Related support groups: Eye Conditions, Retinal Disorders, Diagnosis and Investigation, Visual Defect/Disturbance

For Seniors, Treatment for One Eye Disease May Cause Another

Posted 16 Mar 2017 by Drugs.com

THURSDAY, March 16, 2017 – Drugs that preserve vision in people with the eye disease called age-related macular degeneration might increase the risk of another eye condition – glaucoma, a new study suggests. People who received at least seven eye injections of the drug bevacizumab (Avastin) each year to treat macular degeneration have a higher risk of eventually needing surgery to treat glaucoma, the Canadian study found. But, the researchers aren't suggesting that people forgo these treatments for macular degeneration. These drugs help stave off a previously untreatable cause of blindness in the elderly, and should continue to be used, the researchers said. And, if glaucoma does develop, treatments are available. "Even though there may be a risk here, this doesn't mean you should not be getting injections for macular degeneration," said study lead author Dr. Brennan Eadie. He's an ... Read more

Related support groups: Eye Conditions, Glaucoma, Glaucoma (Open Angle), Votrient, Macular Degeneration, Avastin, Sutent, Nexavar, Pazopanib, Stivarga, Sunitinib, Retinal Disorders, Glaucoma/Intraocular Hypertension, Cyramza, Sorafenib, Bevacizumab, Vandetanib, Cabometyx, Lenvima, Retinopathy

Stem Cells Hold Promise, Peril in Treating Seniors' Eye Disease

Posted 15 Mar 2017 by Drugs.com

WEDNESDAY, March 15, 2017 – Stem cells may offer new hope for people losing their vision to age-related macular degeneration, but that promise can come with some peril, new research shows. In one report, three older women were permanently blinded at a Florida eye clinic that performed unproven stem cell treatments on their eyes in 2015, said senior study author Dr. Jeffrey Goldberg. He's chair of ophthalmology for the Byers Eye Institute at Stanford University in Palo Alto, Calif. The women all thought the stem cell therapy was part of a clinical trial, but there's no evidence that a genuine clinical trial was taking place, Goldberg noted. "It appears the patients were lured in with the promise of a research protocol and it's not clear that they were actually signed up for any research," Goldberg said. "They were just injected with these cells of some sort." The women, aged 72 to 88, ... Read more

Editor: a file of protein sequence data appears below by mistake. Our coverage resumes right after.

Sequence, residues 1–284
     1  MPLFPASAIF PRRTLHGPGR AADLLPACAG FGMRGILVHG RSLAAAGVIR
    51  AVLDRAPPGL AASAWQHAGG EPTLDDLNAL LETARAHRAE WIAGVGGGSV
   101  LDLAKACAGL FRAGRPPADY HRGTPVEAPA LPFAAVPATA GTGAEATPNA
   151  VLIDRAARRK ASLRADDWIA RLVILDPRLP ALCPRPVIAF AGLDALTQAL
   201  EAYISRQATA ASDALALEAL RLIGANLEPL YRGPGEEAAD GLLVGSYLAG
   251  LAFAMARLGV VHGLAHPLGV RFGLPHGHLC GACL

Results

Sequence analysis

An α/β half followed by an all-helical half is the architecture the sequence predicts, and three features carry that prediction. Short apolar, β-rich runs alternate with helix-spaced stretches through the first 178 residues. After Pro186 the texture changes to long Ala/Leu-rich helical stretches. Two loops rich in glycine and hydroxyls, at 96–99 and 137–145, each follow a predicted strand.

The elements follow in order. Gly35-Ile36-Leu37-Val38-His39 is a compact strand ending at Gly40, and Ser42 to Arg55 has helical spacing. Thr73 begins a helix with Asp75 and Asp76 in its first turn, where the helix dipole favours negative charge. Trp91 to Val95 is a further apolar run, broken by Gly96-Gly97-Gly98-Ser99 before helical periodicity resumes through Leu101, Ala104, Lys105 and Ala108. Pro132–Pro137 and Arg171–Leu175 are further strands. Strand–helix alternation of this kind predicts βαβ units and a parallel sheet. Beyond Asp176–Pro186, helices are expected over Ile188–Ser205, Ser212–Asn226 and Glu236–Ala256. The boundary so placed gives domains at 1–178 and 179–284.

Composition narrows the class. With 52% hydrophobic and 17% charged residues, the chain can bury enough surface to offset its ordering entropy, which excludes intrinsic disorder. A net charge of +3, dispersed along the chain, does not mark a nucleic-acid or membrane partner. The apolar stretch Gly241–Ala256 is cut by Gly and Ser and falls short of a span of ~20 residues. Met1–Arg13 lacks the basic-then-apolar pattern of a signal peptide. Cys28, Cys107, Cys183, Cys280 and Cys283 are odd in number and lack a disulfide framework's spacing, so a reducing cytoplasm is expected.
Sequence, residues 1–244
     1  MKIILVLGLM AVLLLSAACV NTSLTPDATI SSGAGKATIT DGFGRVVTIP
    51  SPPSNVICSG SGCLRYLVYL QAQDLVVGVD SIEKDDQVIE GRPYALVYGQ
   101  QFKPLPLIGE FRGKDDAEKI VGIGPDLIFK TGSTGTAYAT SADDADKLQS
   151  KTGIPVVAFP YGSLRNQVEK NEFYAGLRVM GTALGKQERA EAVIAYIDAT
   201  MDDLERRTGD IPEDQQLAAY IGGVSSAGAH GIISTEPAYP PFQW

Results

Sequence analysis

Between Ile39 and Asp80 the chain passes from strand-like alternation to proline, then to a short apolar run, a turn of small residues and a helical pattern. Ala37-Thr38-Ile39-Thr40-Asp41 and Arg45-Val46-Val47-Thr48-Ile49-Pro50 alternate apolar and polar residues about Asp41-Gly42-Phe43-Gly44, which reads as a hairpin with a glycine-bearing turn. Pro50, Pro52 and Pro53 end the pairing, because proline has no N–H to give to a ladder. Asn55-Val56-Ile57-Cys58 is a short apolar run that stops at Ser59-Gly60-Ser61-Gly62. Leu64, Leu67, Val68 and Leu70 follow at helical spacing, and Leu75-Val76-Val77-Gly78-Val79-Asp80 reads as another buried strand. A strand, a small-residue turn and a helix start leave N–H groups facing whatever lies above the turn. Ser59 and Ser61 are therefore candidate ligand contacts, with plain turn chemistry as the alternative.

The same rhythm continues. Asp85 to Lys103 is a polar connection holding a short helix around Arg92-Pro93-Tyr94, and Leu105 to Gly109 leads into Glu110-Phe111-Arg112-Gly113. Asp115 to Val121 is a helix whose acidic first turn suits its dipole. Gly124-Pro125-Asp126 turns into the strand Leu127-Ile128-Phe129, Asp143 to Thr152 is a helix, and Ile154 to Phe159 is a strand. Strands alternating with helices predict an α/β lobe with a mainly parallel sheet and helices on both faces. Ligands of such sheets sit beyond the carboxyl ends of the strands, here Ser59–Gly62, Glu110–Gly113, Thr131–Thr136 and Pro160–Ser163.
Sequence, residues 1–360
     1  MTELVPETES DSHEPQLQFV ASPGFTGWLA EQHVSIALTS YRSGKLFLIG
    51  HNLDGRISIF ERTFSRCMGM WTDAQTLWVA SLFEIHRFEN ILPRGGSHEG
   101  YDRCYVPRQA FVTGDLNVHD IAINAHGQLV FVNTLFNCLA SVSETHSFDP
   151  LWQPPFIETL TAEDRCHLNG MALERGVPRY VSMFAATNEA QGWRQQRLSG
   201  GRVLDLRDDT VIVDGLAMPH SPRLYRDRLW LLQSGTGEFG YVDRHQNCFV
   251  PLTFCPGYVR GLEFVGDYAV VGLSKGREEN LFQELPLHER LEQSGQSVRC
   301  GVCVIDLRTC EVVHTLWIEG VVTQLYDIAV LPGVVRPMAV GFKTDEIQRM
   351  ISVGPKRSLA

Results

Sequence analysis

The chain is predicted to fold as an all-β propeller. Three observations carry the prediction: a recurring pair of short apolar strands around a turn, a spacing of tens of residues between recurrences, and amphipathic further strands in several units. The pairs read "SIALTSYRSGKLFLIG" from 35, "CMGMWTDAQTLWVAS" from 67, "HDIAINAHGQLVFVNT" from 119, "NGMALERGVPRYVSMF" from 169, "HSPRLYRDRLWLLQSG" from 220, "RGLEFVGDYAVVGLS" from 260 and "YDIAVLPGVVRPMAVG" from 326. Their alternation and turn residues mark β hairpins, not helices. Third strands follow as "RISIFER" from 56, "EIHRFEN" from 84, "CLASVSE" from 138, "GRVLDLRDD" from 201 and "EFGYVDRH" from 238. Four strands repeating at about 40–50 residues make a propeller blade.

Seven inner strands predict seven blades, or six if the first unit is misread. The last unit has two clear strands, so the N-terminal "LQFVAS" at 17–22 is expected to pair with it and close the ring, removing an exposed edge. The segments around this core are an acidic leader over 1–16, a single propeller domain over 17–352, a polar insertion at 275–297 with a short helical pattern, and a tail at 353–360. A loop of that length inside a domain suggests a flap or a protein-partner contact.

Related support groups: Eye Conditions, Macular Degeneration, Macular Edema, Visual Defect/Disturbance

Health Tip: Don't Contaminate Contact Lenses

Posted 15 Mar 2017 by Drugs.com

-- Germs on poorly handled contact lenses can lead to serious eye infections. To avoid this problem, the American Optometric Association suggests: Don't wash your hands with a creamy soap, which can leave a film on lenses. Never create a homemade saline solution, which can damage lenses. Don't put lenses in your mouth to moisten them. Don't store or wash lenses in tap water. Don't let anyone else wear your lenses. Don't wear contact lenses to sleep if you've been in a hot tub, pool, lake or ocean. Read more